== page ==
“Schlaglicht Israel” offers an insight into internal Israeli debates and reflects selected, political events that affect daily life in Israel. It appears every two weeks and summarizes articles that appeared in the Israeli daily press.
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Main topics covered in this Publication:
- Israel Between Two Parliamentary Elections
- Opening Shot for Trump’s Peace of the Century
- Attack on Syrian Targets
- Selection of Articles
1. Israel Between Two Parliamentary Elections
Netanyahu’s coalition failure was really a secret success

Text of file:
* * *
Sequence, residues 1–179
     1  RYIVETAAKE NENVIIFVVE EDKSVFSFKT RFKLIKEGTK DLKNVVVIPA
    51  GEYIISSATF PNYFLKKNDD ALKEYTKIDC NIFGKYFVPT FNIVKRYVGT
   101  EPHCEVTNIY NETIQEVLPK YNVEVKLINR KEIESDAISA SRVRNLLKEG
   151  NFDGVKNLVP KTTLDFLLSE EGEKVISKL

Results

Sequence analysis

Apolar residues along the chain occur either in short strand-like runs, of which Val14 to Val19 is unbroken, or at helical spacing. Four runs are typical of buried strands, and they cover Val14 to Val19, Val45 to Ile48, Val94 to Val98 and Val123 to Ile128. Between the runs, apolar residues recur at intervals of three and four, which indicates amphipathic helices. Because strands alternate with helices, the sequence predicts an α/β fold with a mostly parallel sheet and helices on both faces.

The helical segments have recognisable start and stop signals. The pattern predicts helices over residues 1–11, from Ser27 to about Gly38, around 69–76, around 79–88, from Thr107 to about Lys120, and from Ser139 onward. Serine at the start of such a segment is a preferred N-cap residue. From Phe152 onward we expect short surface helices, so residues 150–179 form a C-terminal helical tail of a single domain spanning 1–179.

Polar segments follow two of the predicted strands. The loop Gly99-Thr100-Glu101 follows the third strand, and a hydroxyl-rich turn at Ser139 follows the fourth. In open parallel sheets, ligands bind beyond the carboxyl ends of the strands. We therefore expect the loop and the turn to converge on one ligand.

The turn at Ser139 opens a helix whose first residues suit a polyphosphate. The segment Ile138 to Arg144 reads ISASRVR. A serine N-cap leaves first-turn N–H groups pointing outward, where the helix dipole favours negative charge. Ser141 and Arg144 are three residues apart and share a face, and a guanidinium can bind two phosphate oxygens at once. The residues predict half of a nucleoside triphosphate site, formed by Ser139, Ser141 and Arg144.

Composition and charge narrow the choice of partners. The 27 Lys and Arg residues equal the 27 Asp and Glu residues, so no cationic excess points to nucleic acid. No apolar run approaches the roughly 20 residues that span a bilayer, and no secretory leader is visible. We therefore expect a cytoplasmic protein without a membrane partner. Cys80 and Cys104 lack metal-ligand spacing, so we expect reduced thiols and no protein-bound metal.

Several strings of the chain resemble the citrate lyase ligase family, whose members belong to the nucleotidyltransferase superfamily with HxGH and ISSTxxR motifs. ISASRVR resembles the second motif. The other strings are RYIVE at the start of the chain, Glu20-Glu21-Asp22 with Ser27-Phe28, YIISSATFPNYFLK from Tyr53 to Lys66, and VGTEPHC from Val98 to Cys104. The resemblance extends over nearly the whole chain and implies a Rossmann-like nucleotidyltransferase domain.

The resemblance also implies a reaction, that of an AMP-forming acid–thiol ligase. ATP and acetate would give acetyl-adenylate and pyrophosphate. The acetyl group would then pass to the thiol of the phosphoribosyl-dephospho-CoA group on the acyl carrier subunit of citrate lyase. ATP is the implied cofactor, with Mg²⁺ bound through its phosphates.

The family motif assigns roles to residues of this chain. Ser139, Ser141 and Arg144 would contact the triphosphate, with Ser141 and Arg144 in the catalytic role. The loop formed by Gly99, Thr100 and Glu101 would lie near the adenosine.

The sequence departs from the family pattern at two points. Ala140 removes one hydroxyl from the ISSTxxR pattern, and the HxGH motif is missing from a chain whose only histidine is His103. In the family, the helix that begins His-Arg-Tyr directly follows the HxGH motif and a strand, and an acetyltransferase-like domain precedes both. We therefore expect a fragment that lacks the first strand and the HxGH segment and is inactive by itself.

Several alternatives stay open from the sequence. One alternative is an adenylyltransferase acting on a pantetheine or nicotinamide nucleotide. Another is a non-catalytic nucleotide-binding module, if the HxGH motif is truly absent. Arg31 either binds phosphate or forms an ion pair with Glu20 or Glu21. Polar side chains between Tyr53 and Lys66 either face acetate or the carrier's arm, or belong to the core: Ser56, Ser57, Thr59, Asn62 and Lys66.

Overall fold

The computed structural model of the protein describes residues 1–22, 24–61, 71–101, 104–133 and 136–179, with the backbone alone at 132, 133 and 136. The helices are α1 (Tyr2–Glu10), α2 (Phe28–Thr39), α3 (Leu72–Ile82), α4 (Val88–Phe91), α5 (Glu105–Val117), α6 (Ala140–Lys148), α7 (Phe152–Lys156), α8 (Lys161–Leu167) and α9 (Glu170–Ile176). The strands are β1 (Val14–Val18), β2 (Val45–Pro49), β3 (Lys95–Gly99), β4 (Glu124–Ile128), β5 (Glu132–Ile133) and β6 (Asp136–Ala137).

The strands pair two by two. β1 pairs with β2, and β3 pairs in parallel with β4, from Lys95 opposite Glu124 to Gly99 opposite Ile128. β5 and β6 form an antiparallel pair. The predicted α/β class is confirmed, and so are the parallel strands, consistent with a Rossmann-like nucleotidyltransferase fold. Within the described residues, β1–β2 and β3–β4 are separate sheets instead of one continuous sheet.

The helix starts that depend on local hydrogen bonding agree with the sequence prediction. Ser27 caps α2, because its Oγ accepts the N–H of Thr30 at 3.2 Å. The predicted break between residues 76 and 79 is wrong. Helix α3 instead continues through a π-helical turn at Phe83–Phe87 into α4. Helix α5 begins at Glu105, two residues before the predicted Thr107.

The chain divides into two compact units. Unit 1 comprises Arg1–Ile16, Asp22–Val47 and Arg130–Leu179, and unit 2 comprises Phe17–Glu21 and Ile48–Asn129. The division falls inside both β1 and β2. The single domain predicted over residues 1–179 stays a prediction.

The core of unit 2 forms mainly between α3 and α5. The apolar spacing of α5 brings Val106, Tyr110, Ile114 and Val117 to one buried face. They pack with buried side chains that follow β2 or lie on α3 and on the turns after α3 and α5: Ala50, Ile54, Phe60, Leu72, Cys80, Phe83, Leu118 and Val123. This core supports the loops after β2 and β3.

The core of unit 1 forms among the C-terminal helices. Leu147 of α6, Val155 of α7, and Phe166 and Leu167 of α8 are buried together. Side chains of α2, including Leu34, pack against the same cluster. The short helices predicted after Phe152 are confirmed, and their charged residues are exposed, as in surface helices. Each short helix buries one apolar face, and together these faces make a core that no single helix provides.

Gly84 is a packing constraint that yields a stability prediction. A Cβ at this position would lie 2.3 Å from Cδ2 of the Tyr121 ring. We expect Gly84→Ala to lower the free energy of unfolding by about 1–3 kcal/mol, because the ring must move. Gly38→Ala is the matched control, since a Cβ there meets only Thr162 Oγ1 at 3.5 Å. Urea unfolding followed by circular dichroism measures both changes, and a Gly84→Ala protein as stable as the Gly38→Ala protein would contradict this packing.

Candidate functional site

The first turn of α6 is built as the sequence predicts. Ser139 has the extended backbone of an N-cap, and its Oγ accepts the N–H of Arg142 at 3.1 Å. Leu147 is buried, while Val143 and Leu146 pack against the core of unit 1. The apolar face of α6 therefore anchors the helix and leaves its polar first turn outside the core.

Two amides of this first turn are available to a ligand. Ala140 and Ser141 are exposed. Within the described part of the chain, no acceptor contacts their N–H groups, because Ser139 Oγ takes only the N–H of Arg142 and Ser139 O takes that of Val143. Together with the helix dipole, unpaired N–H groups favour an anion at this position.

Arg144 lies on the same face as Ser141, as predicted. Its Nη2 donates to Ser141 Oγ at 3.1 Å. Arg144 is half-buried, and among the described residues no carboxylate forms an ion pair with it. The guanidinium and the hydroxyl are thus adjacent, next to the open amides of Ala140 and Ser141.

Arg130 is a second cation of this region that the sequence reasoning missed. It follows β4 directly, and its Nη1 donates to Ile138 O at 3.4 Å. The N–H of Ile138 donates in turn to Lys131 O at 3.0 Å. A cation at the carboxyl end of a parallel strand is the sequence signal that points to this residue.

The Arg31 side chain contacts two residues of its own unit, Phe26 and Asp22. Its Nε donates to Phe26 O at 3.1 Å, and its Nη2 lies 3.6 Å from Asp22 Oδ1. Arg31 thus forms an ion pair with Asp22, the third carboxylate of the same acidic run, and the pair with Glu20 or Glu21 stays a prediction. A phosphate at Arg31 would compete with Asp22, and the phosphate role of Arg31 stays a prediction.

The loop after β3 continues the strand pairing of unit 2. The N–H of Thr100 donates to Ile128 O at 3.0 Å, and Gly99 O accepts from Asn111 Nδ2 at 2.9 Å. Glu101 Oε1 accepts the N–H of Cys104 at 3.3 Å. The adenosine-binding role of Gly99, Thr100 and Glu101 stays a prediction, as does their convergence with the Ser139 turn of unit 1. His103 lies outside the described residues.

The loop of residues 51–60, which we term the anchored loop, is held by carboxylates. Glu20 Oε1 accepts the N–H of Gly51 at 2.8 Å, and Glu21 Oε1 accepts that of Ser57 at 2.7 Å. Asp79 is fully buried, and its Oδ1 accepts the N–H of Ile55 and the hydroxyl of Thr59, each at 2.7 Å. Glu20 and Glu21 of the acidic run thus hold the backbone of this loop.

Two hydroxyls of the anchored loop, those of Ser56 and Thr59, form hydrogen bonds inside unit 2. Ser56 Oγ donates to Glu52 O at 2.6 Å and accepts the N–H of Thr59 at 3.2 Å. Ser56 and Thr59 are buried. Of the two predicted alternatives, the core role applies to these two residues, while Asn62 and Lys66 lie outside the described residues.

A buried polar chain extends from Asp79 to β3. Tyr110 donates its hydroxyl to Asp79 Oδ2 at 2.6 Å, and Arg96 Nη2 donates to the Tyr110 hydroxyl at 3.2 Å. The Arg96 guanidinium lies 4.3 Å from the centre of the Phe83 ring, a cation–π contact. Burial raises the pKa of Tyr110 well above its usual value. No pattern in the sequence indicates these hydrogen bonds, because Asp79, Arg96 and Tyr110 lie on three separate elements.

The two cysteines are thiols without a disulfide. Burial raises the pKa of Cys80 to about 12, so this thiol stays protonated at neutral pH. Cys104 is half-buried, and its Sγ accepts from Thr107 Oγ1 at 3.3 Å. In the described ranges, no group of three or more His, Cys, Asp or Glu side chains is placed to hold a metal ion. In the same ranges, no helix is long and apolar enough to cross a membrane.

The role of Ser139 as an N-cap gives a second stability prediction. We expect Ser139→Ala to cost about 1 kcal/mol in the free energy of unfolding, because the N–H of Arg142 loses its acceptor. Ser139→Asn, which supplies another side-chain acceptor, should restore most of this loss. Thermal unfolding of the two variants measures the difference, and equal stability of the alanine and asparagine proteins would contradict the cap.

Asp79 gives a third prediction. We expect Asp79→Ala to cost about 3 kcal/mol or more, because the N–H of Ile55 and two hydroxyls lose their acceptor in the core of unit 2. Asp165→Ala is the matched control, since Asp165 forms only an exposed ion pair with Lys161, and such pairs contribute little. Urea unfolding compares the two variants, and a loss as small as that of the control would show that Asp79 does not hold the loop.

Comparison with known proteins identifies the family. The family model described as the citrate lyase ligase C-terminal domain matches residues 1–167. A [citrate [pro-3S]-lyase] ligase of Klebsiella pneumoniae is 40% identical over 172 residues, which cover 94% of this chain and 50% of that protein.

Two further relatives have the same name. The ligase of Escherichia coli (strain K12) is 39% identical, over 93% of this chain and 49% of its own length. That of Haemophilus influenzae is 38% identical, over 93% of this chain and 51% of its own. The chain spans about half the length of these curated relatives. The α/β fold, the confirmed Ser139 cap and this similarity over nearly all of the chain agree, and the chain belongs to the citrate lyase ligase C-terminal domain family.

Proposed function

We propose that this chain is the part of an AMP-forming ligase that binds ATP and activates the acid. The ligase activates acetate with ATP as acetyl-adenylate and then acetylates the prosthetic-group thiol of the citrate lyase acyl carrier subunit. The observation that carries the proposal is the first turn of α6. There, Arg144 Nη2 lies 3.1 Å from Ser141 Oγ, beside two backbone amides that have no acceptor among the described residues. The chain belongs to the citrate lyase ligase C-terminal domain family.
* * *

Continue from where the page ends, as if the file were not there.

(…) Under normal circumstances, Netanyahu would have banged his fist on the table and explained the political reality to his ultra-Orthodox coalition partners: the alternative to a Netanyahu government was a Yair Lapid government. And that was the very last thing that their constituents would ever want. Netanyahu also promised, off the record, that even if the draft law were – God forbid – approved by the Knesset, he would find a way around it for them. After all such things had already occurred in the past. (…) Netanyahu knew it, the spiritual leaders of the ultra-Orthodox parties knew it and so did Avigdor Liberman. Which surely brings us to the conclusion that if Netanyahu really wanted to, he could have formed a coalition government. (…) Netanyahu’s gamble was based on cold and calculated personal analysis. When the current Knesset was sworn in, he realized that his coalition partners were not exactly clamoring to pass legislation to ensure his immunity from prosecution. And even if they did agree, he could not afford the heavy diplomatic-economic-political price they would demand. (…) Netanyahu and his inner circle calculated that he needed a larger Likud party, with at least 40 seats in the Knesset. And given the massive number of votes lost to right-wing parties that did not pass the threshold, a target of 43-42 seats in the next Knesset does not seem fantastical. (…) By refusing to join his coalition, Liberman threw Netanyahu a lifeline. Do not let his downcast grimaces fool you; do not be tempted to feel his pain. Netanyahu is playing his own game – his inability to form a new coalition was not failure, but success.